Muammar Gaddafi urged Libyans to take up arms and crush an uprising in Tripoli as rebel troops closed on the capital for a final onslaught on his stronghold.
“I am afraid if we don’t act, they will burn Tripoli,” he said in an audio address broadcast on state television. “There will be no more water, food, electricity or freedom.”
Thousands of rebel fighters 15 miles west of Tripoli were moving toward the capital yesterday evening. As they advanced, they took control of a barracks belonging to the Khamis brigade, an elite security unit commanded by one of Gaddafi’s sons, Khamis.
In a coordinated revolt that rebel cells had been secretly preparing for months, shooting started on Saturday night across Tripoli, moments after Muslim clerics, using the loudspeakers on mosque minarets, called people on to the streets.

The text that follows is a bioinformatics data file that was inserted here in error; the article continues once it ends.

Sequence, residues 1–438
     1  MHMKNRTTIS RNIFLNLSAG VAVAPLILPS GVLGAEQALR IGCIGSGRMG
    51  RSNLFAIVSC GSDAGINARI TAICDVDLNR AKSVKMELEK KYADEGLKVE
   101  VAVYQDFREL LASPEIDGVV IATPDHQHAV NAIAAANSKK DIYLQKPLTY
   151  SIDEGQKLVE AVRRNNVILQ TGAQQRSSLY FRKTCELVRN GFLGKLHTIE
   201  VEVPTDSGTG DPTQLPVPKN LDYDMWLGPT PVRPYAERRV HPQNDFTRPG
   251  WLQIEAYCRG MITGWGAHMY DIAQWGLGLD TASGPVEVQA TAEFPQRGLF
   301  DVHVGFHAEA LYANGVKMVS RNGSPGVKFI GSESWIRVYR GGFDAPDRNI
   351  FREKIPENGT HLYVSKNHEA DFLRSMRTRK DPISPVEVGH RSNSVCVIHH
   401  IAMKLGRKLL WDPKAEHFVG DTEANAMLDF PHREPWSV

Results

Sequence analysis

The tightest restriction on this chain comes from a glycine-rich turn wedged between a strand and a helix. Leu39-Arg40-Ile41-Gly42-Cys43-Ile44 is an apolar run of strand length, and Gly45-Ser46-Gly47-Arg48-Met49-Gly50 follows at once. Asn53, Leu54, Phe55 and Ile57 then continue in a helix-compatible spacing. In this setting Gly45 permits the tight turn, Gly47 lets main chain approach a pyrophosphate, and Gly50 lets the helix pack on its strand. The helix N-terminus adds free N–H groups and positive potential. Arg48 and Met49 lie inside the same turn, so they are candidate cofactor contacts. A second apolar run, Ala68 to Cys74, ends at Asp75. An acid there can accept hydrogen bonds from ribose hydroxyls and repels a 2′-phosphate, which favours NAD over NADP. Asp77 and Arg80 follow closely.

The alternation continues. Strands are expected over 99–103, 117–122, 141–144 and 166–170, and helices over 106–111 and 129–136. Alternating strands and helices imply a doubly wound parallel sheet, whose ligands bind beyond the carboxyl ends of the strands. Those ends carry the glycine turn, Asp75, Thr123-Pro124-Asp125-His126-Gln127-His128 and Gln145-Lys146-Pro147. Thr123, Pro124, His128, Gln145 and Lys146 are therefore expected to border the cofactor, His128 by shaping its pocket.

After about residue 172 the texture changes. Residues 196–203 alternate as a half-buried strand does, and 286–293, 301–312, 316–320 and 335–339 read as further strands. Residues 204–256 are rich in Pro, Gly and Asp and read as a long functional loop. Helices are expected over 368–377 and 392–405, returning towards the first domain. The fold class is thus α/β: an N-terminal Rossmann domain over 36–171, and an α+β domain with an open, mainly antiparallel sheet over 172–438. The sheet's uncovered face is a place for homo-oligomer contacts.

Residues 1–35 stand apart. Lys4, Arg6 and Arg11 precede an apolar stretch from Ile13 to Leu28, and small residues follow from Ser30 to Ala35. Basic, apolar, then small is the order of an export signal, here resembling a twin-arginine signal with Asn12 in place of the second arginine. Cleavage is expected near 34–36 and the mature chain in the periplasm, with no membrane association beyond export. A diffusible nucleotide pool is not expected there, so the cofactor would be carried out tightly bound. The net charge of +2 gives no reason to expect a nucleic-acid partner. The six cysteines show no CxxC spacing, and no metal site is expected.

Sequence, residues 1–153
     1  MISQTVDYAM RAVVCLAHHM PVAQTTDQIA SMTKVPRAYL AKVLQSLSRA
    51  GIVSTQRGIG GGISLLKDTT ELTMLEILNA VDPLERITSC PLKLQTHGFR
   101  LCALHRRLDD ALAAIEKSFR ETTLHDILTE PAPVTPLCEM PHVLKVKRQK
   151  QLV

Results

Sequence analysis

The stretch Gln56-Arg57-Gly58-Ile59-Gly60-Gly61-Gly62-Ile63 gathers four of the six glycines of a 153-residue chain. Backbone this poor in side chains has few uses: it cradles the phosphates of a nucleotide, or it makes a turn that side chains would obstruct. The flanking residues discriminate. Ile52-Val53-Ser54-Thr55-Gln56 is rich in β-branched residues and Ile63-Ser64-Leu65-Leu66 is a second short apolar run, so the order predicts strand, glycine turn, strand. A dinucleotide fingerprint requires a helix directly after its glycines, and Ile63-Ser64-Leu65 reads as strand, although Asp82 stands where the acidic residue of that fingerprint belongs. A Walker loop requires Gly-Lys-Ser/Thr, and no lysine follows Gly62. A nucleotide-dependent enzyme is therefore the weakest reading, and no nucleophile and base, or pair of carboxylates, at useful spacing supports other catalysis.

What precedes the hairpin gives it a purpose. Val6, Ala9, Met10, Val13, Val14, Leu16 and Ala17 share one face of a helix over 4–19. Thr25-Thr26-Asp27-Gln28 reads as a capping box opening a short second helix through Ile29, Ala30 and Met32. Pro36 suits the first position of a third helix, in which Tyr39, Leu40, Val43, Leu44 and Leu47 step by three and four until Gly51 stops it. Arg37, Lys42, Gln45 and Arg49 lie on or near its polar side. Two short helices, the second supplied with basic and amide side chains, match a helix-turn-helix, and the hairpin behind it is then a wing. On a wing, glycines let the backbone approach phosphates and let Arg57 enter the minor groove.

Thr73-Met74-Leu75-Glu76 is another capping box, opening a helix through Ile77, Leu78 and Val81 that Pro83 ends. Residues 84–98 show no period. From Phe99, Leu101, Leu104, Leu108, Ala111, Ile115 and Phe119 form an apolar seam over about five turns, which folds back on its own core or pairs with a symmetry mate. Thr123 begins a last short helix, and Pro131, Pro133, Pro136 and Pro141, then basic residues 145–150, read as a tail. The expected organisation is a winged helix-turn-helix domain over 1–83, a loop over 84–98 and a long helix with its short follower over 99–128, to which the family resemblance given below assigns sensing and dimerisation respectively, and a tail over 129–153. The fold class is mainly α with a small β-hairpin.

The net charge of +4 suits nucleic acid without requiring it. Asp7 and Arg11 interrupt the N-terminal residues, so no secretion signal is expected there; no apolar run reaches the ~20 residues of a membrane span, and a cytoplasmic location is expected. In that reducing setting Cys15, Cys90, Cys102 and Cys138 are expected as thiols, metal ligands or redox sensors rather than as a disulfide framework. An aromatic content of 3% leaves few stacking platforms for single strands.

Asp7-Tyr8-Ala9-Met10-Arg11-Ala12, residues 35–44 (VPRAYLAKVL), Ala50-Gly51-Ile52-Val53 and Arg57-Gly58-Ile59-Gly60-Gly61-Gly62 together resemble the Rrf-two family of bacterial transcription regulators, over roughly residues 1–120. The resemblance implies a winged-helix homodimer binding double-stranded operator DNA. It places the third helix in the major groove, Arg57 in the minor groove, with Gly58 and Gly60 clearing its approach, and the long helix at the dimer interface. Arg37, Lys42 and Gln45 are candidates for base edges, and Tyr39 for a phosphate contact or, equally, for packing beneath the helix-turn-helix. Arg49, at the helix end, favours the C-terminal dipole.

The fighting inside Tripoli, combined with rebel advances, appeared to signal the decisive phase in a six-month conflict that has become the bloodiest of the “Arab Spring” uprisings and embroiled NATO powers.
In Benghazi, the eastern Libyan city where the anti-Gaddafi revolt started and where the rebels have their main stronghold, a senior official said everything was going according to plan.